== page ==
Notably, Russell Moore kept his job. But the churches who are angry with him still might pull their support of the umbrella fund. And the SBC has seen 49 churches fully withdraw from the SBC just over this past year, which is way up from the “half dozen or so” that usually do so each year. There’s no way to know if those 49 churches were specifically torqued over Russell Moore’s heretical stances and thus driven to leave their parent denomination, but it’s safe to say that a lot of factors probably went into those decisions–with the SBC’s leadership’s inability to keep Mr. Moore on message very likely forming one of those factors.

In short, he’s one of the leaders of what is still one of the biggest formal organizations of Christians on the planet–and the people he’s helping to lead have moved in a whole other direction, unable to be swayed or turned from their chosen path.

What It Means for The Rest of Us.

The real mistake would be to discount this latest squabble as yet another infight among the failed ambassadors of the Prince of Peace and Lord of Love, and to think that it has no repercussions for those outside the SBC’s fold. I mean, yes, it is exactly that–yet another infight–and yet it’s more than that.

It’s also a warning to the rest of us: a signal flare to let us know where this largest denomination is going in the years ahead.

Russell Moore’s attempt to rein in the worst impulses of his tribe has officially failed at this point. He pushed as hard as he possibly could, and he very nearly lost his entire position in the SBC because of that effort. The apologies he issued months ago weren’t enough–he needed to be chastened and schooled like a child to ensure that he would stop acting out of line with the SBC ethos of culture war.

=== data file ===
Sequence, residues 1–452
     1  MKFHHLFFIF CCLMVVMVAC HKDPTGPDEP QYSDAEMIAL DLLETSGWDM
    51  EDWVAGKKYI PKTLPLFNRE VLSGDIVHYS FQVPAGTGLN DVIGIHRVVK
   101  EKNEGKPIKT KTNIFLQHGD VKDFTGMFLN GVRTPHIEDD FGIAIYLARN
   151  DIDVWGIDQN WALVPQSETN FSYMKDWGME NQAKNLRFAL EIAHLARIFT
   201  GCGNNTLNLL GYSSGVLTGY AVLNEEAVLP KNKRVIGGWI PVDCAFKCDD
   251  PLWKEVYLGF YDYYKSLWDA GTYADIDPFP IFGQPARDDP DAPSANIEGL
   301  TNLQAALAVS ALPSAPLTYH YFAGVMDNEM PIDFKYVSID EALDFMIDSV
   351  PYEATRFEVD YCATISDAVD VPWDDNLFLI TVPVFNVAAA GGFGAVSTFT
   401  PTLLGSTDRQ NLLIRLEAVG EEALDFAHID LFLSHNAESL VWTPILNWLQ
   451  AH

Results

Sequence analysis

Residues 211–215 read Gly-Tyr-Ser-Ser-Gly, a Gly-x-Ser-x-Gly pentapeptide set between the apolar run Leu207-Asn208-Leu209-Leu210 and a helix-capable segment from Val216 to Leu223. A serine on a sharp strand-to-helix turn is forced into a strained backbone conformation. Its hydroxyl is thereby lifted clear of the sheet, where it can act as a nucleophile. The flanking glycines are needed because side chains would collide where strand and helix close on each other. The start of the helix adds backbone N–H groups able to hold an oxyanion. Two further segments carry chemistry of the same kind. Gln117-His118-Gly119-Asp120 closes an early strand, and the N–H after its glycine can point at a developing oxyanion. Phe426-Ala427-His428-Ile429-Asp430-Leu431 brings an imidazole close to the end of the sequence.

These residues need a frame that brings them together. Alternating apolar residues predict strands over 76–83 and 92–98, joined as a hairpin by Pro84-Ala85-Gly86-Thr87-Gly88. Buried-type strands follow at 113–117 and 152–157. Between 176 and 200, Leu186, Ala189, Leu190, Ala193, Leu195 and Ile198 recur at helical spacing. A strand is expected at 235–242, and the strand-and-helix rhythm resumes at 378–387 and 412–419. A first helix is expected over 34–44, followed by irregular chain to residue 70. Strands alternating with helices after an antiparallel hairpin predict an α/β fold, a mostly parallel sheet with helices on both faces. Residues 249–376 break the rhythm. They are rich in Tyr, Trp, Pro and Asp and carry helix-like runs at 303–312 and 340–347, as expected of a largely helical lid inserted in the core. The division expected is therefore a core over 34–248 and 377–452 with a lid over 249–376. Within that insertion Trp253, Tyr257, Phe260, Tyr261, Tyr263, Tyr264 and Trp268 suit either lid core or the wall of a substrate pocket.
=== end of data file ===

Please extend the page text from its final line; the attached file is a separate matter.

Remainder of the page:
Just a Wafer-Thin Mint.

We can very likely expect to see a greater amount of lockstep in the SBC leadership in coming years–and a certain inability to bend on issues that are clearly driving people away from them. They’re perfectly happy to drive out people who refuse to fall into line, as this meeting between Russell Moore and Frank Page demonstrated; Ed Stetzer has been talking about “convictional” and “cultural” Christians for ages, but what he really means by this twaddle is “Christians who agree with us” and “Christians who don’t.” Russell Moore didn’t agree with them, and so he had to be brought into line.

The SBC’s efforts to resolve the racism in their ranks are very likely going to slow down–since Mr. Moore was largely the person responsible for that attempt–and we can expect their opposition to women’s rights to continue apace, possibly hardening even further and becoming more extremist thanks to their November win in the Presidential election.

Right-wing Christians generally have decided that, far from examining their actions and ideals for hypocrisy, they will drill down on them. I don’t think the next couple of years are going to be a lot of fun for the rest of us. I’d never say that Russell Moore is some kind of prophet or hero–I’ve criticized him roundly in this blog many times for his hardline extremism–but when a hardline extremist is too soft-hearted for his denomination, that’s really, really bad news for everyone.

There’s no digestif that could possibly amend the heaviness of that mess of a meal.

ROLL TO DISBELIEVE "Captain Cassidy" is Cassidy McGillicuddy, a Gen Xer and ex-Pentecostal. (The title is metaphorical.) She writes about the intersection of psychology, belief, popular culture, science,...